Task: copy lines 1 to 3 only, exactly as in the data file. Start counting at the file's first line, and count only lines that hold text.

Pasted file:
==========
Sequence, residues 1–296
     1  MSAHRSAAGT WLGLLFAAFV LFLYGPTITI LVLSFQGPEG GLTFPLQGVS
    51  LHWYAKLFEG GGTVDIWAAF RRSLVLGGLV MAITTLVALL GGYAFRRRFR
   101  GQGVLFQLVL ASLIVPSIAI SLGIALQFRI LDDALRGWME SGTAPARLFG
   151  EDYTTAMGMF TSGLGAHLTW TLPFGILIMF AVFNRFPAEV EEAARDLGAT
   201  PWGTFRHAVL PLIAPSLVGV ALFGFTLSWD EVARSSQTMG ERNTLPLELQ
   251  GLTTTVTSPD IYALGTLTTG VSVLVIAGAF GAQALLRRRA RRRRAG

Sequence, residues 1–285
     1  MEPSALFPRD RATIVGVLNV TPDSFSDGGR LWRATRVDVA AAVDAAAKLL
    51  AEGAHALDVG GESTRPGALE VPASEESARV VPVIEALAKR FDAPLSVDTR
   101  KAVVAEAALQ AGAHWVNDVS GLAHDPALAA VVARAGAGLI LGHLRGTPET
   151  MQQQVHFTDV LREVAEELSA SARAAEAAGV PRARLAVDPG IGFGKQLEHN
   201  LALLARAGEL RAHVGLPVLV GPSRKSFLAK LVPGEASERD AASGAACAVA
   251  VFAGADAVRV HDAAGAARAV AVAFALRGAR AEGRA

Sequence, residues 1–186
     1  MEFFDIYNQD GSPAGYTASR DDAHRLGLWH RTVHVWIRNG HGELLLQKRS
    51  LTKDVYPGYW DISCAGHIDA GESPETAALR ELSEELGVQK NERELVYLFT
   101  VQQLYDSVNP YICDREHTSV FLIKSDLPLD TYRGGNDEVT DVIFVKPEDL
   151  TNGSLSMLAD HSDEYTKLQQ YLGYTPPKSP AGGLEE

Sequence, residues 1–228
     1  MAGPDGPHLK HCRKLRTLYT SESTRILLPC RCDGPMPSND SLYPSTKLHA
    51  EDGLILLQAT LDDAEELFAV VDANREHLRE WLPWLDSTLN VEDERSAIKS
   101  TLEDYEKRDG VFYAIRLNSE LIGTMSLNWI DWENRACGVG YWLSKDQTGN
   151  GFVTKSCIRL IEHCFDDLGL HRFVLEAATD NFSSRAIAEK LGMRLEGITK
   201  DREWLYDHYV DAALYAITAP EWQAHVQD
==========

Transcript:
Sequence, residues 1–296
     1  MSAHRSAAGT WLGLLFAAFV LFLYGPTITI LVLSFQGPEG GLTFPLQGVS
    51  LHWYAKLFEG GGTVDIWAAF RRSLVLGGLV MAITTLVALL GGYAFRRRFR